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Freed From the Herd
My Friends Led Me Astray
Malik F.
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Names have been changed.

When I first started high school, I didn’t really know anyone. The first day of school I felt very alone. I had to watch people who met through the freshman summer program talk to each other as if they’d already been there for three years. I was too shy to talk to people in my classes because I feared being rejected or having them call me names. When I feel alone, I isolate myself. So I just stuck to myself for a week.

Then, I met Barry. It was a relief when I became friends with him because now I had someone to talk to. I was only able to see him during lunch, when we’d sit in the back of the cafeteria together, and when we traveled home to Queens. But I’d made my first friend, which made me feel like I was worth something at my new high school.

A few weeks later, Barry started introducing me to his other friends, and by November, I was in a cool group. I felt like I was about to become popular. Feeling like I was part of the group was important to me.

I was in other groups too, but this group was the most fun. We ate, partied, and hung out together. Most of all, we laughed together. For example, everybody would be play fighting on the L train, and suddenly Derek would get pushed to the ground and we’d all laugh. Even if this group was lost in the desert, they’d be able to play games and have a good time without worrying about anything.

Having fun helped me forget about my family problems, like my parents’ divorce and the pressure I feel from my dad to do well in school and achieve. So I entered sophomore year wanting to hang out more with this group.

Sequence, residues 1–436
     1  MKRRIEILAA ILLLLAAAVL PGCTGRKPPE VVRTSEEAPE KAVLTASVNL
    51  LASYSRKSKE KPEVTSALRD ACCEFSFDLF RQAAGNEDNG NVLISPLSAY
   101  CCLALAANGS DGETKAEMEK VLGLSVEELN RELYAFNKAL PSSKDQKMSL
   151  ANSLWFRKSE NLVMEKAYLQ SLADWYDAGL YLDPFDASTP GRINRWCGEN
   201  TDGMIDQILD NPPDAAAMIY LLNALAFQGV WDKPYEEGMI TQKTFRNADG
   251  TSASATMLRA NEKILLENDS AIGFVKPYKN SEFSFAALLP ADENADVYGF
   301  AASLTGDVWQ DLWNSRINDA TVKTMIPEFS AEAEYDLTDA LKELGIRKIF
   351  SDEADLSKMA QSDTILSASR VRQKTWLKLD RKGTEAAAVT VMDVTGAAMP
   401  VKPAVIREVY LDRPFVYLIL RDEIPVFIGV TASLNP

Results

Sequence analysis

Unfortunately, things were about to get complicated. My friends started cutting school about once a month to hang out. One day, they asked me to cut 8th period with them to go to Central Park. I was nervous about cutting for the first time. I was afraid of being picked up by the police, and I was especially worried about what my dad would do if that happened. He’s very strict, and might send me down South to live with my mom because he’d say I didn’t respect him.

Going With the Flow

But I wanted to show my friends that I was in all the way. It felt like if I didn’t prove to them that I could be in the group, I would have no one to talk to after school. So I went along with their plan.

When we got to the park, the weather felt like beach weather, even though it was October. It felt great to be out of school on a nice, spring-like day. The birds were chirping and the trees were a medium green. It turned out that about 30 people went to Central Park that day to play manhunt.

Manhunt is simple: One team must tag everyone from the opposite team as they try to run away. I went so far out from the starting point that I had to follow a group of tourists back to the steep rock where we’d dropped our bags. As I approached from the top of a hill, I saw cops down below. They stopped and looked up, and my heart was beating faster than a person playing drums nonstop. Then several cops moved toward the hill. Everyone panicked and split into two groups. I was with James, Lana, and Barry.

image by Elijah Hickson

Arrested